Cytochrome c

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File:Cytochrome c image 2.png
Heme prosthetic group of cytochrome c, consisting of a rigid porphyrin ring coordinated with an iron atom.

The cytochrome complex, or cyt c is a small hemeprotein found loosely associated with the inner membrane of the mitochondrion. It belongs to the cytochrome c family of proteins. Cytochrome c is highly water-soluble, unlike other cytochromes, and is an essential component of the electron transport chain, where it carries one electron. It is capable of undergoing oxidation and reduction, but does not bind oxygen. It transfers electrons between Complexes III (Coenzyme Q – Cyt C reductase) and IV (Cyt C oxidase). In humans, cytochrome c is encoded by the CYCS gene.[1][2]

Species distribution

Cytochrome c is a highly conserved protein across the spectrum of species, found in plants, animals, and many unicellular organisms. This, along with its small size (molecular weight about 12,000 daltons),[3] makes it useful in studies of cladistics.[4] The cytochrome c molecule has been studied for the glimpse it gives into evolutionary biology.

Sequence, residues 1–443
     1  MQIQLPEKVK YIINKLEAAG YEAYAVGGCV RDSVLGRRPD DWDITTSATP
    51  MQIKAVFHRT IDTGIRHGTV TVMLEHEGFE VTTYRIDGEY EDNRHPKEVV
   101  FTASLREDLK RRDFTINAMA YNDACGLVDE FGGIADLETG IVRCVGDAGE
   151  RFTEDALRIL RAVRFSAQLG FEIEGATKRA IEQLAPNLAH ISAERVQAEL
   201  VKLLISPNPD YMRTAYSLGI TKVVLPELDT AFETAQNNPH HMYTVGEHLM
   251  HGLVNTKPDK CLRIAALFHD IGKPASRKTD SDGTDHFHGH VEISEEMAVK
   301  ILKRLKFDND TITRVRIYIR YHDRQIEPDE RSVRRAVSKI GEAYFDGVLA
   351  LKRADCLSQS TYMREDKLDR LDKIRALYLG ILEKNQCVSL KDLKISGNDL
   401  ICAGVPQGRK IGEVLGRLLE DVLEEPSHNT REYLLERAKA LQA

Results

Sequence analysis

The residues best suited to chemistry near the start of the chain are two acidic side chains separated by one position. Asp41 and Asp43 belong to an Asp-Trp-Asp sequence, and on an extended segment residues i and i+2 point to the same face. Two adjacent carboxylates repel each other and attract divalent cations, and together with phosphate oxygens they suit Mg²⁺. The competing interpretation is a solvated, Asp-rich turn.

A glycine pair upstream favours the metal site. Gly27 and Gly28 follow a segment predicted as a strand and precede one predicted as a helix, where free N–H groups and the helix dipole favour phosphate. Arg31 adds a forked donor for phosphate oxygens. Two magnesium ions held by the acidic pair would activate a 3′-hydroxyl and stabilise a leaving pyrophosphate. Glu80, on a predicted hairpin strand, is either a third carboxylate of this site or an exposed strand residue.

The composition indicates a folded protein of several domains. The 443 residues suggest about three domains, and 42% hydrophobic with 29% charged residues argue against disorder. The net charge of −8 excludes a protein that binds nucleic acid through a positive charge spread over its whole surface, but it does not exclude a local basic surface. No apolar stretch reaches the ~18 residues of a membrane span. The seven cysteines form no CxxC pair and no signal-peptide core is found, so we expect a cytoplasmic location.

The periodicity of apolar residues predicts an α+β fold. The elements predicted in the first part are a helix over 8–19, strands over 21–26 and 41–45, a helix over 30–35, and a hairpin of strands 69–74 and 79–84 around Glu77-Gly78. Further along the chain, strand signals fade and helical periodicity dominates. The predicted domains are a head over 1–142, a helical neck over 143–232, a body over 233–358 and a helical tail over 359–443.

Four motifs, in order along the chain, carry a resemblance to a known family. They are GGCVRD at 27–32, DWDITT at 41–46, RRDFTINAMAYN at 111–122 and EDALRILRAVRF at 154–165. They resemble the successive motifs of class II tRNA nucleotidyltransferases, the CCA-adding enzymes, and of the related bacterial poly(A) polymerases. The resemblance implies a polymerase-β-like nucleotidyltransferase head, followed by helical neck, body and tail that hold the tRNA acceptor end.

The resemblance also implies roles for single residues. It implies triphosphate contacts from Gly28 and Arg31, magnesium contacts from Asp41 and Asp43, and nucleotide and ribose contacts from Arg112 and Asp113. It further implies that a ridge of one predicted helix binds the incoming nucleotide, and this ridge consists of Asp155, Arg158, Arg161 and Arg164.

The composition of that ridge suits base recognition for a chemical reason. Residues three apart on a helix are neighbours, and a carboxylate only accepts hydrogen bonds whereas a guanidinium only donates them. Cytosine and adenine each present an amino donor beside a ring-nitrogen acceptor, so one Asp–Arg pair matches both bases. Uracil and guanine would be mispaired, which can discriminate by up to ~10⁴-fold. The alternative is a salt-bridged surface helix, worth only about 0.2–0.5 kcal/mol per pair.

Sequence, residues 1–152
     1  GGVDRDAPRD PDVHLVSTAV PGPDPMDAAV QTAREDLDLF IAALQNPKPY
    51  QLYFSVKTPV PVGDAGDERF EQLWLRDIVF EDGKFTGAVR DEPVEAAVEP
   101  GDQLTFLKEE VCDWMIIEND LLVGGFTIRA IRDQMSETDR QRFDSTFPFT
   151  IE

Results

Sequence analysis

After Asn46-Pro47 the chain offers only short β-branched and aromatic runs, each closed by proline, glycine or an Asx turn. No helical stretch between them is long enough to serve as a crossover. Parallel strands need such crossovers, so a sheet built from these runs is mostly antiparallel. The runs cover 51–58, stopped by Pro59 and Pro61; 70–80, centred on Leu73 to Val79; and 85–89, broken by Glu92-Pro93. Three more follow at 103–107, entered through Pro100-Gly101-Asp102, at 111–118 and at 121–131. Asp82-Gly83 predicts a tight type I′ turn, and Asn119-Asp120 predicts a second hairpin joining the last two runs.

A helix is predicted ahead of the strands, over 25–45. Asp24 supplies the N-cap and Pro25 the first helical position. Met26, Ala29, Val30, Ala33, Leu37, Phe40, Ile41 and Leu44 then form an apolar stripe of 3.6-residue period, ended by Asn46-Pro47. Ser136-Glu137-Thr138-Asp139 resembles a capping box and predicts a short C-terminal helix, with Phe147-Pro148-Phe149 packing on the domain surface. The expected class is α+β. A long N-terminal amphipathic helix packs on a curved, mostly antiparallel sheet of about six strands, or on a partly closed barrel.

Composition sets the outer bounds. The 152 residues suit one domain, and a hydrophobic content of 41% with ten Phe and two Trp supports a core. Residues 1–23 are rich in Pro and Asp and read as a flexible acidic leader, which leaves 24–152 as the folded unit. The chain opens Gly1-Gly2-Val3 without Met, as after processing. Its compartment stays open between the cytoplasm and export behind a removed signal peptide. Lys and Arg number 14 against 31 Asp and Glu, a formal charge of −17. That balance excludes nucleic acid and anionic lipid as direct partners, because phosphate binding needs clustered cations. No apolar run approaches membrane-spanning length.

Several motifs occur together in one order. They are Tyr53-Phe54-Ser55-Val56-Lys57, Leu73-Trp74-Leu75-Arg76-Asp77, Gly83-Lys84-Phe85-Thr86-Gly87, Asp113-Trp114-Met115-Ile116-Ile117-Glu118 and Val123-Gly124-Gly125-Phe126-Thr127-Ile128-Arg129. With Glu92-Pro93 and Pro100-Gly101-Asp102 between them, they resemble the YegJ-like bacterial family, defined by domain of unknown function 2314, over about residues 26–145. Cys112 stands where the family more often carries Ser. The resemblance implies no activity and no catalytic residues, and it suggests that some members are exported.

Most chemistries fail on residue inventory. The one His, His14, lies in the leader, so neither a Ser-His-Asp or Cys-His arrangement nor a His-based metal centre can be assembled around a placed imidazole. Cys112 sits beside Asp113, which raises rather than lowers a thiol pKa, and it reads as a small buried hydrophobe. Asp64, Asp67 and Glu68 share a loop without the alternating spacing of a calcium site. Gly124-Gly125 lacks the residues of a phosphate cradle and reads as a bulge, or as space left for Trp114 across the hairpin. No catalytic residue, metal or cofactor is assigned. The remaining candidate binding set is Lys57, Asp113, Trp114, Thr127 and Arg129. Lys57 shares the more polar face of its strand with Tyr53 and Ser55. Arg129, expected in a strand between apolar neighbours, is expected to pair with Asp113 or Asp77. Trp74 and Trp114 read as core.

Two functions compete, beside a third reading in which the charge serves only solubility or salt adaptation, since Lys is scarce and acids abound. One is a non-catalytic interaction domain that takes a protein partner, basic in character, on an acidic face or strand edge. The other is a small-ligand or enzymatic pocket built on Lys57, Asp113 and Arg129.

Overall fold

Cytochrome c has a primary structure consisting of a chain of about 100 amino acids. Many higher-order organisms possess a chain of 104 amino acids.[5] The sequences of cytochrome c in humans is identical to that of chimpanzees (our closest relatives), but differs more from that of horses.[6]

Cytochrome c has an amino acid sequence that is highly conserved in eukaryotes, differing by only a few residues. In more than thirty species tested in one study, 34 of the 104 amino acids were conserved; identical at their characteristic position.[7] For example, human cytochrome oxidase reacts with wheat cytochrome c, in vitro; which held true for all pairs of species tested.[7] In addition, the redox potential of +0.25 volts is the same in all cytochrome c molecules studied.[7]